Wednesday Night #1878 Steel & Steele

Written by  //  March 7, 2018  //  Wednesday Nights  //  No comments

Great thanks to Gerald Ratzer for putting together a most interesting WN last week with Dr. Gavin Winston and Dr. Mark Roper, though it was sad to learn that Donald Trump appears to be right (perhaps for the wrong reasons) about the NHS as a model for Medicare/Obamacare reform.
It may be the only thing Trump has been right about  – although opinion seems to be moderating a wee bit about some aspects of  the Tax Bill.

Steel, Tariffs & Trade
Certainly this week’s news about his intention to impose  25% tariffs on steel and 10% alumin[i]um has been met by emotion ranging from horror to disgust by just about everyone  at home and abroad except for the US steel companies. As Russell Berman points out:  “Republican leaders fear a trade war that would dampen the economic benefits of their tax cuts, which the GOP is depending on to stave off heavy losses in November’s midterm congressional elections.”
The departure of free trade advocate and  director of National Economic Council Gary Cohn is an inevitable loss. Equally inevitable – and lamentable – is the ascendancy of Peter Navarro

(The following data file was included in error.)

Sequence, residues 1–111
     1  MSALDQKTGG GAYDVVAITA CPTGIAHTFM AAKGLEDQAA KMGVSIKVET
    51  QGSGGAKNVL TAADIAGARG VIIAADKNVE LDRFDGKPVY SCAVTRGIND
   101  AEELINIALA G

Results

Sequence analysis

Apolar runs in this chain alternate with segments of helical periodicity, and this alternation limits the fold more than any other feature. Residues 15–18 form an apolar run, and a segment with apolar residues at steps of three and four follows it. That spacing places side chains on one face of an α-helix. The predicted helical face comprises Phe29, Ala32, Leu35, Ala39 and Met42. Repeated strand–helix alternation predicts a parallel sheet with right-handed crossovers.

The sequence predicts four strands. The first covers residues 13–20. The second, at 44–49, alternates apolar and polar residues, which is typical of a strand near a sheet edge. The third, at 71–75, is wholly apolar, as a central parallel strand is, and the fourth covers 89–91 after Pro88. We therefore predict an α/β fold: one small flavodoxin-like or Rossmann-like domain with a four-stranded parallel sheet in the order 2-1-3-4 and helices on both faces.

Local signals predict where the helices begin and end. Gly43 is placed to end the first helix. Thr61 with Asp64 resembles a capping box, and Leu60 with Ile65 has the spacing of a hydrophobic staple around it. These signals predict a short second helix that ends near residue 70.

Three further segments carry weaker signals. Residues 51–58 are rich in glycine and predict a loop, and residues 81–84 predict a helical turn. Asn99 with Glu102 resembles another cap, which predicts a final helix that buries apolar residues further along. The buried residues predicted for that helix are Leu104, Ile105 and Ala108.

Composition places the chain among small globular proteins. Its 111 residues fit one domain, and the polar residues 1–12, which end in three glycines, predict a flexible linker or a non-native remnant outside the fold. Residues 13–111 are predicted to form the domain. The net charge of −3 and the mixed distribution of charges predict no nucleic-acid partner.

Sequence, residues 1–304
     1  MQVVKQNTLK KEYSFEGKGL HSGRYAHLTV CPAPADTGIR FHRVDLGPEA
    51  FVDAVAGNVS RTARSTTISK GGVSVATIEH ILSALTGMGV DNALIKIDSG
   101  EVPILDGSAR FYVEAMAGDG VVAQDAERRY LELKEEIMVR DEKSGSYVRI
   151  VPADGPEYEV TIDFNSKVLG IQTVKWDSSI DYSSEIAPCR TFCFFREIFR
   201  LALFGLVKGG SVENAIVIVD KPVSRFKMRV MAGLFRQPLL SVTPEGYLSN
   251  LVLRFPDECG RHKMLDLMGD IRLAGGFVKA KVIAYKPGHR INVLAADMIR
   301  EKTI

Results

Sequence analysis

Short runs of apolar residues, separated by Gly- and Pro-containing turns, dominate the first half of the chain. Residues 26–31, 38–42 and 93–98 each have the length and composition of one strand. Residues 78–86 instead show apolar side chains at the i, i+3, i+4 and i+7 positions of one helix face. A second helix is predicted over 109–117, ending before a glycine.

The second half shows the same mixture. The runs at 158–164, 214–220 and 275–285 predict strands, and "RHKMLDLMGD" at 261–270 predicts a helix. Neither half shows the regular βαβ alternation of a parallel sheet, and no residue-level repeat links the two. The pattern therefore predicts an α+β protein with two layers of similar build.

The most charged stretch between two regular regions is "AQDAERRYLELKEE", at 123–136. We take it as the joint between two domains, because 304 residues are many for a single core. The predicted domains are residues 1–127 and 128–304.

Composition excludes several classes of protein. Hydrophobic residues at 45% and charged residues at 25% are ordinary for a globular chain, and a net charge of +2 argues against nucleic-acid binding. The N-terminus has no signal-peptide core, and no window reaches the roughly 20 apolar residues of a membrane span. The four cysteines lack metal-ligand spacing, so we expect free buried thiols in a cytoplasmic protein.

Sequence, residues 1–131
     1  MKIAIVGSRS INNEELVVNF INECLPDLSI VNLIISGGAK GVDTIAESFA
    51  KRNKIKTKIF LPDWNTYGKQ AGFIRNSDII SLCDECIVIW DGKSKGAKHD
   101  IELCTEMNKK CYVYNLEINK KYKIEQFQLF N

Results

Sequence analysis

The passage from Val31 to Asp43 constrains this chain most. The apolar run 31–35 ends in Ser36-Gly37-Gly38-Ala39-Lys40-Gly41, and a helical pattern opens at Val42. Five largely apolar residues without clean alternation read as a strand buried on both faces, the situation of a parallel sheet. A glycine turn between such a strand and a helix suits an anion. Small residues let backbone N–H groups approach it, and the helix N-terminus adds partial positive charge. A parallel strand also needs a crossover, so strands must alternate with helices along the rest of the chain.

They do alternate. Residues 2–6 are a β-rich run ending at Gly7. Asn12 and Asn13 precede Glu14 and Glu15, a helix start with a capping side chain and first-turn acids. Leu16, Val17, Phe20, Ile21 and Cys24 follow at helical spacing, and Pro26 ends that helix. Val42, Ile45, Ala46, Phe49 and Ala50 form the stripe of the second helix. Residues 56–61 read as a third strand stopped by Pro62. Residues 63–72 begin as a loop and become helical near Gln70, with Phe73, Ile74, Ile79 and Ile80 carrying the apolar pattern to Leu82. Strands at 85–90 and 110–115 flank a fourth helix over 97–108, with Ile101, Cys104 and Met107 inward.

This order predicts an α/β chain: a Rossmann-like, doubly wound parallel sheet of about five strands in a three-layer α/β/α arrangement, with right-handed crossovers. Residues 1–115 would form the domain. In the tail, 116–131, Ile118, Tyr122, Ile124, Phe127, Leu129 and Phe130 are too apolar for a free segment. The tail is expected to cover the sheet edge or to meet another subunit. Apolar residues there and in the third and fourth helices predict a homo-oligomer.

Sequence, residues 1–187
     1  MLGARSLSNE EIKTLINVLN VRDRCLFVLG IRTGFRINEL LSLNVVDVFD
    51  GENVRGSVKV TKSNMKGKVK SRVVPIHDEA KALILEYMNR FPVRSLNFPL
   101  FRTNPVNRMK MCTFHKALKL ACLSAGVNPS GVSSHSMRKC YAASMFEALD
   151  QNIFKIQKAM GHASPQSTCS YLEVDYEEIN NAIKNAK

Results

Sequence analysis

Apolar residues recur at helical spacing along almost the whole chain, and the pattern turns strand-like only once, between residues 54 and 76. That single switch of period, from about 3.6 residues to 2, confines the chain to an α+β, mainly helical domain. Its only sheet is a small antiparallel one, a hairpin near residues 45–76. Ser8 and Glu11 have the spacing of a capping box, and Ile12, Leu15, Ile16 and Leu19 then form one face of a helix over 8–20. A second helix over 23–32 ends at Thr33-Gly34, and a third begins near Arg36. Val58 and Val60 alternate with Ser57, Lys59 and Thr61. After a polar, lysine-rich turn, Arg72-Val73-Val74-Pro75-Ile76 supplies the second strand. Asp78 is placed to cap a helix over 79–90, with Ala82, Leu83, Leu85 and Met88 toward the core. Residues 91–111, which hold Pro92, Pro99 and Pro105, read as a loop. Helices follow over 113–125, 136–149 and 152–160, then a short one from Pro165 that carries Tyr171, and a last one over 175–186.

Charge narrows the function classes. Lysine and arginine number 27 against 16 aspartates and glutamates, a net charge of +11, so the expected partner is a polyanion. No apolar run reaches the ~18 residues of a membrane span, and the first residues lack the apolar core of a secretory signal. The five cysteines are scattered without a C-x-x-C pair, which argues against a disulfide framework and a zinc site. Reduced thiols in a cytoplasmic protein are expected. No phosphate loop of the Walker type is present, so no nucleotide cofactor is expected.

The Atlantic sums up the problem:
Republicans Can’t Stop Trump’s Trade War
Congress has the power to block the president’s proposed tariffs on steel and aluminum. Why aren’t lawmakers using it?
The hastily arranged announcement horrified the veteran free-traders who lead the GOP in Congress: not only House Speaker Paul Ryan, but also the chairmen of the House and Senate committees with jurisdiction over trade, Kevin Brady of Texas and Orrin Hatch of Utah, respectively. Trump has rebuffed the efforts by Republican lawmakers and some of his own advisers to slow his drive for tariffs, and GOP leaders appear to lack either the will or the votes in Congress to block him legislatively.
… Republicans were clearly hoping the White House would roll back Trump’s announcement over the weekend, either by putting off the tariffs or by making clear that key U.S. trading partners would be exempted.
… Congress could stop Trump from imposing the tariffs tomorrow if it wanted to. The Constitution gives the legislative branch explicit authority “to regulate commerce with foreign nations.” And just last month, on a 400 to 2 vote, the House passed legislation that extends for three years a program that reduces various tariffs for businesses.
But over the last 50 years, Congress has delegated the bulk of its trade power to the president, and there isn’t much expectation that it’ll wrest it back anytime soon.
Amidst the talk of trade wars, Brookings examines How Trump’s steel and aluminum tariffs could affect state economies
Most disturbing is the report that  Trump was angry and ‘unglued’ when he started a trade war, officials say